November 2, 2023 [Hellenic Shipping News]- BP on Oct. 31 pointed to strong Q3 production in its “oil production & operations” unit as it reiterated plans for a big increase in the US share of its production, to 1 million b/d of oil equivalent by the end of the decade.
Production in the “oil production & operations” unit rose 5% on the year in the third quarter to 1.38 million b/d of oil equivalent thanks to reduced maintenance, higher shale output and project ramp ups, BP said, reiterating expectations of increased 2023 output.
BP highlighted 96% plant reliability in the upstream business in the quarter, and signaled rising output at the Mad Dog Phase 2 project in the Gulf of Mexico, which came onstream in April. It also noted the startup of the second of two new centralized processing facilities in its Permian shale business, which doubled the company’s Permian processing capacity.
BP’s overall hydrocarbon production was also up year-on-year, by a more modest 1%, at 2.33 million b/d, reflecting a 4% on the year drop in its “gas and low-carbon” unit — which focuses on LNG and gas projects as well as renewables, but also produces some oil. The gas and low-carbon unit was impacted by higher maintenance and “base decline,” it said.
Further out, BP is “hopeful” of achieving startup in Q1 2024 at the Greater Tortue Ahmeyim Project offshore Mauritania and Senegal — a floating LNG project with significant condensate output — Interim CEO Murrach Auchincloss told investors in a call.
“This has been a solid quarter supported by strong underlying operational performance demonstrating our continued focus on delivery,” Auchincloss said.
Auchincloss reiterated plans to increase the US share of its upstream output from around 600,000 boe/d in 2022 to 1 million boe/d by the end of the decade, a 7% annual growth rate.
It said it had begun concept selection for the Tiber oil development in the Gulf of Mexico, one of a number of major projects it has been planning in the frontier paleogene formation in the Gulf, alongside the proposed Kaskida project.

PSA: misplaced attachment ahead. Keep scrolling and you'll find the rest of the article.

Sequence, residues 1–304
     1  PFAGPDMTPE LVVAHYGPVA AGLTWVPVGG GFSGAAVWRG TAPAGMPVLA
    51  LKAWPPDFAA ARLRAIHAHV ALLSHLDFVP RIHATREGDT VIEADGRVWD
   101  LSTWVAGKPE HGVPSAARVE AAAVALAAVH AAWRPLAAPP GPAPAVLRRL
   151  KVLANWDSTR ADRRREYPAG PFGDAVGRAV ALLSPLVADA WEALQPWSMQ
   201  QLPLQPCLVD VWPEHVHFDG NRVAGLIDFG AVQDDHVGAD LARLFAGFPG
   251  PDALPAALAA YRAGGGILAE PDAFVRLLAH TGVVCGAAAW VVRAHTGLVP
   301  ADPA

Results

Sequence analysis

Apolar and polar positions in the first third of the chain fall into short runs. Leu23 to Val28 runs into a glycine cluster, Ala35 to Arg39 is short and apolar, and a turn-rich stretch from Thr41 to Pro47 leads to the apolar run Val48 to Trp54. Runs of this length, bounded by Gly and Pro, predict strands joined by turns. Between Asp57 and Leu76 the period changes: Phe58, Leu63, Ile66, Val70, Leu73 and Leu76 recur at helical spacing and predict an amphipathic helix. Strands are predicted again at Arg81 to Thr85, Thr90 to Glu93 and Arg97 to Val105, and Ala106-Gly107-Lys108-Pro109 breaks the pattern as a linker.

There was no immediate update on a replacement for former CEO Bernard Looney, who stood down abruptly in September following allegations over a lack of transparency about his personal relationships within the UK major.
Excess refining capacity
Amid a 60% drop in underlying profit, BP defended its earnings against criticism from investors, saying a weak result in gas trading reflected high storage levels, particularly in Europe, while the company performed well in oil trading, but retail generally was oversupplied.
In retail, “whether it be on diesel or gasoline we see the market as over-supplied as we entered September-October, but as we all know that can change quickly. There is not much excess capacity inside refining around the world. Any weather event or any outage will create a change in the margins and a change in volatility. It does feel like a more volatile world,” Auchincloss said.
On the outlook for the current quarter, in oil, BP “expects oil prices to be supported by OPEC+ production restrictions and the continued demand rebound,” it said.
In gas, European prices and Asian LNG prices “will be driven by weather, demand recovery in Europe and China and ongoing geopolitical tension”, while in the US, “weather is also a risk factor, but higher than normal storage levels and higher production should help to dampen volatility,” it said.
“BP expects industry refining margins to be significantly lower than the third quarter,” it added.
Platts, part of S&P Global Commodity Insights, assessed the Dated Brent benchmark at $89/b on Oct. 30, down 23 cents on the day.
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